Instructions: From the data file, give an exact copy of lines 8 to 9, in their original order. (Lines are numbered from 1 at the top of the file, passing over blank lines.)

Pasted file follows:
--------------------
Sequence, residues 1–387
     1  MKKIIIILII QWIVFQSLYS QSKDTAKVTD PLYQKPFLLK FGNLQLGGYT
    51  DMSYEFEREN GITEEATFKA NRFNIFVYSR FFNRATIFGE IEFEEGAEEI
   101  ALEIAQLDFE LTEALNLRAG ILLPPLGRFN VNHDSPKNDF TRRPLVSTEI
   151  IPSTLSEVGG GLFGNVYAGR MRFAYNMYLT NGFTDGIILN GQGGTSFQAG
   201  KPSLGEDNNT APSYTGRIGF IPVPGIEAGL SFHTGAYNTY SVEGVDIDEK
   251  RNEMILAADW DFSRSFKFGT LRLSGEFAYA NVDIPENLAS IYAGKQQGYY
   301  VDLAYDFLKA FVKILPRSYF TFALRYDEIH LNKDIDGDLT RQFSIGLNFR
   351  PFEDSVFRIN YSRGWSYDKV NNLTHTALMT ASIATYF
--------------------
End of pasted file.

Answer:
   301  VDLAYDFLKA FVKILPRSYF TFALRYDEIH LNKDIDGDLT RQFSIGLNFR
   351  PFEDSVFRIN YSRGWSYDKV NNLTHTALMT ASIATYF